Hidden in stone*

*The sculpture of Piet van Stuivenberg.

30 September 2022 - 15 January 2023

Schiedam artist Piet van Stuivenberg (1901-1988) was a true craftsman and a hard worker, but also a free spirit and an innovator. From 1 October 2022 to 15 January 2023, the Stedelijk Museum Schiedam will be devoting an exhibition to his sculpture.

Craft and abstraction
Van Stuivenberg starts sculpting at an early age. At 20 years old, he trains as a stonemason and potter, starting a course in art at the Rotterdam Academy. Initially, he makes recognisable forms, most notably human figures, but soon becomes freer and more abstract. 

Het mysterie der spelende vlinders uit (The mystery of butterflies at play, 1951) is a fine example of his completely abstract work. In 1968, Hans Paalman, then director of the Stedelijk Museum Schiedam, said that looking at Van Stuivenberg’s work was like ‘going on a journey within the lines of the sculpture’.

Piet van Stuivenberg, Het mysterie der spelende vlinders (The mystery of butterflies at play), 1951 / Piet van Stuivenberg, De Eene, 1954 

Mother with child
Most of Van Stuivenberg’s sculptures are not entirely abstract, however. In wood and stone, he frequently carves the theme of mother and child, as in the large sculpture from 1937 shown here. In 1975, the City of Rotterdam donates a similar marble statue to Schiedam in honour of its 700th anniversary. It was placed on Grote Markt in Schiedam, but was too vulnerable and was consequently damaged. After all this time, it can be admired once again in this exhibition.

Searching and sculpting
Van Stuivenberg works in a special way, seeing images hiding in unworked material – his task is then to make them visible. Without a sketch or preliminary study, he carves directly into stone or wood, ‘liberating’ the form from the material, allowing the image to gradually come into being through searching and sculpting. A work that most clearly displays this process is De Eene from 1954.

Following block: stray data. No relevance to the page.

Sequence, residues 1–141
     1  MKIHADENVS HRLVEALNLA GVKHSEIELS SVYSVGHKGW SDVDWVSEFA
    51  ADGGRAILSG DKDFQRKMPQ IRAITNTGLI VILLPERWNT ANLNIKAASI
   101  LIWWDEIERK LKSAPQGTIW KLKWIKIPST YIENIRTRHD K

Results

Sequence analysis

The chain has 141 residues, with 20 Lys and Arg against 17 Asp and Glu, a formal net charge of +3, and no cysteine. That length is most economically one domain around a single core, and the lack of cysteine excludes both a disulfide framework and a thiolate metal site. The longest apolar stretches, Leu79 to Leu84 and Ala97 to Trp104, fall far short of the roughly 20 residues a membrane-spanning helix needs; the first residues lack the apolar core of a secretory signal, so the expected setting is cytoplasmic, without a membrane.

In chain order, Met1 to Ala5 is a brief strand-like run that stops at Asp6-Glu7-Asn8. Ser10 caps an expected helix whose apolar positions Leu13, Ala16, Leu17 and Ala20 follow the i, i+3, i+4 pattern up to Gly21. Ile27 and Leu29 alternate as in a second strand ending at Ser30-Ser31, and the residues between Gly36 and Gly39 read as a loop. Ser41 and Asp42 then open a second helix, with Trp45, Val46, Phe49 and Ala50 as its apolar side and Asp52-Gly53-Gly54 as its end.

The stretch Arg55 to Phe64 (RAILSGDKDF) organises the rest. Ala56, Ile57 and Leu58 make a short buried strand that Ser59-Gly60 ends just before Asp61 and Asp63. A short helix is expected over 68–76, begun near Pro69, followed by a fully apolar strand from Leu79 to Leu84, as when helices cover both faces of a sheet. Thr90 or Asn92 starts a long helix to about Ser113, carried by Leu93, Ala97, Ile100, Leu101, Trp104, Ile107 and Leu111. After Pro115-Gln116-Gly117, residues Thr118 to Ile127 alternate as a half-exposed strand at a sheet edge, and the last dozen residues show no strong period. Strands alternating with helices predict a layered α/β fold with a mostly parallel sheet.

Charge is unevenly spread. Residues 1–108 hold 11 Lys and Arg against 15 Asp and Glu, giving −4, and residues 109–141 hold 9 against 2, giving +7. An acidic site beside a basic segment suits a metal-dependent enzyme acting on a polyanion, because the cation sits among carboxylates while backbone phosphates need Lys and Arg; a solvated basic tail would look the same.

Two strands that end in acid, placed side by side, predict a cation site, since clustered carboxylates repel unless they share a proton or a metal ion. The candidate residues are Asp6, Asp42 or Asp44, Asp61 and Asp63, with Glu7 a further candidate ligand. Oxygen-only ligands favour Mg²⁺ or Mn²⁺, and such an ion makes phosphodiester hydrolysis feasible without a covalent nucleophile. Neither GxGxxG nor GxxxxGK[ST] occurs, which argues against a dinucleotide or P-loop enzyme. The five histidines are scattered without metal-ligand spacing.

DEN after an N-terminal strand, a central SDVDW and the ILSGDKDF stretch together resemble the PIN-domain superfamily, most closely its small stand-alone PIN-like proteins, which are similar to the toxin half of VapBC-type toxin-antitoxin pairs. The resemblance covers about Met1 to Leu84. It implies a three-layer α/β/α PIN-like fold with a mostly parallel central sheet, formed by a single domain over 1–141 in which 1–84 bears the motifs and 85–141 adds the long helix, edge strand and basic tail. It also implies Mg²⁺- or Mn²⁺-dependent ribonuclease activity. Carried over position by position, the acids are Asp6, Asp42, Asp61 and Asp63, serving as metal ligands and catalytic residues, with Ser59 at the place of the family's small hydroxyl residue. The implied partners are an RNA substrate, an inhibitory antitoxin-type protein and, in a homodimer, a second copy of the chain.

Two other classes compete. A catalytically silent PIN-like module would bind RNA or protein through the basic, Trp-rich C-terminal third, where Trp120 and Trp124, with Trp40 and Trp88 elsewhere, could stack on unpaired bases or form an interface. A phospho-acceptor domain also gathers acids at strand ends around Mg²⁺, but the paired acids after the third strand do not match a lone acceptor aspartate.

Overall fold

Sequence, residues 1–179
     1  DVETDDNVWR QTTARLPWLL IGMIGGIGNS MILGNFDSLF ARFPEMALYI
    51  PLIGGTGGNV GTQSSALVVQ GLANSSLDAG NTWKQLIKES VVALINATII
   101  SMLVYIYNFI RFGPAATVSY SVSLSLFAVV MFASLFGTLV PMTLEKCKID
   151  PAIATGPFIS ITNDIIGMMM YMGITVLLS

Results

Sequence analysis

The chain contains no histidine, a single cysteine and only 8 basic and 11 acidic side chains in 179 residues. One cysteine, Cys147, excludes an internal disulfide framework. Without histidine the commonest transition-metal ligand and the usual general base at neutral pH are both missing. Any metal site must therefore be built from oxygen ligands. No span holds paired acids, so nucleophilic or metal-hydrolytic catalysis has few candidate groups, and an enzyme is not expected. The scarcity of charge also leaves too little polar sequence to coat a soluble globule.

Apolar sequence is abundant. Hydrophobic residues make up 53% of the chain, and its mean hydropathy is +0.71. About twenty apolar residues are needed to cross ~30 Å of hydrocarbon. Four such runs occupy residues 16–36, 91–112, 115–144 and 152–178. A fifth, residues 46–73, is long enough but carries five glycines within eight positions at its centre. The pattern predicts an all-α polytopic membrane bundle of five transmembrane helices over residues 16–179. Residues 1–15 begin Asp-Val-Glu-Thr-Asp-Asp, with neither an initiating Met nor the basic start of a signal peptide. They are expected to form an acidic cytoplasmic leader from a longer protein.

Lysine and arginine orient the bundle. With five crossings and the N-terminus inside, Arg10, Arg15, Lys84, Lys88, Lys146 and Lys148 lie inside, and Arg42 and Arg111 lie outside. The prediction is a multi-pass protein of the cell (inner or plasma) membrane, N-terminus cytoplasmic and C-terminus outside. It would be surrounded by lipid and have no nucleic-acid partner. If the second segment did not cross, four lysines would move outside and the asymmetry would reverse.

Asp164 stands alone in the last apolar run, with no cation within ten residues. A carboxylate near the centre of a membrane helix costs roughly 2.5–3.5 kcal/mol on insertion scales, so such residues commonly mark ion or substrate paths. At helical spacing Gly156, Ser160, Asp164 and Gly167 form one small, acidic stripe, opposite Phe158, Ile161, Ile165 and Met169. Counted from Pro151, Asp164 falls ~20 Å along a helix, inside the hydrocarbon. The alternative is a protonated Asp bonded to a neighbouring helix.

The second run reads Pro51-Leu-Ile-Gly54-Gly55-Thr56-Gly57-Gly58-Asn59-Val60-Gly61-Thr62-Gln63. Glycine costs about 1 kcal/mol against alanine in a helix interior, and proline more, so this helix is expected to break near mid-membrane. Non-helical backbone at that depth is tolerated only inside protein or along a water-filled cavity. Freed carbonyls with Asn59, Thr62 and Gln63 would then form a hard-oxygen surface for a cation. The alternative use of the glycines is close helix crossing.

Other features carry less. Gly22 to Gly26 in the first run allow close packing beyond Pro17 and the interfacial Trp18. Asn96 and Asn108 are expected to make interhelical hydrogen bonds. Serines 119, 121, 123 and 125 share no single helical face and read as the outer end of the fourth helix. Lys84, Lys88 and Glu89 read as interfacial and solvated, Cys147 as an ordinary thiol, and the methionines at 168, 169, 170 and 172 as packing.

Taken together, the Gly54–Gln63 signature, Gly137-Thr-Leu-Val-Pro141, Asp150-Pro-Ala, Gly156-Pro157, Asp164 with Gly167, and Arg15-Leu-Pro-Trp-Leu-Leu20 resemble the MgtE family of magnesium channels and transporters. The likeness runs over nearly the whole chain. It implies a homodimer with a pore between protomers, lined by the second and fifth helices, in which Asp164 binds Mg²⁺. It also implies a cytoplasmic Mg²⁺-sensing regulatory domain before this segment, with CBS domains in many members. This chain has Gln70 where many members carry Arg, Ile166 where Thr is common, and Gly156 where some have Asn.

Piet van Stuivenberg, Moeder met kind (Mother with child), marble, 1975, Collection Stedelijk Museum Schiedam

Van Stuivenberg lives and works in Schiedam all his life. His art can be found in many places in the city, both on the streets and in Schiedam homes. Catrien Schreuder, Head of Exhibitions and Collection, says, ‘In the spring of 2020, a group of Schiedammers knocked on the museum’s door. They thought it was time to re-evaluate the work of Piet van Stuivenberg as he belongs to Schiedam, while also being a nationally important innovator in sculpture. We could only ever agree with this clear message’. The museum has prepared this exhibition together with these initiators. The works on display are largely from the artist’s personal estate, as well as the museum’s collection which reflects a broad view of his oeuvre, providing a good picture of the life and work of this unique artist.

A man of few words
Van Stuivenberg receives his first public commission in 1949, the first abstract sculpture in Rotterdam, and in 1968 has his first museum solo exhibition at Museum Boijmans Van Beuningen. Van Stuivenberg always prefers to spend his time in his workshop, but also joins progressive artist groups such as Vrij Beelden and R 33. Together with his artist colleagues, he devotes himself to the appreciation of modern art, although he is not one for praising his own work. A man of few words, he famously states, ‘One person says a hundred words and can be wrong, the other person keeps silent and can still also be wrong. I prefer to remain silent’. At Stedelijk Museum Schiedam, Piet van Stuivenberg’s sculptures speak for themselves.

Piet van Stuivenberg in his workshop. Photo: Robert Collette. Collection Schiedam Municipality Archive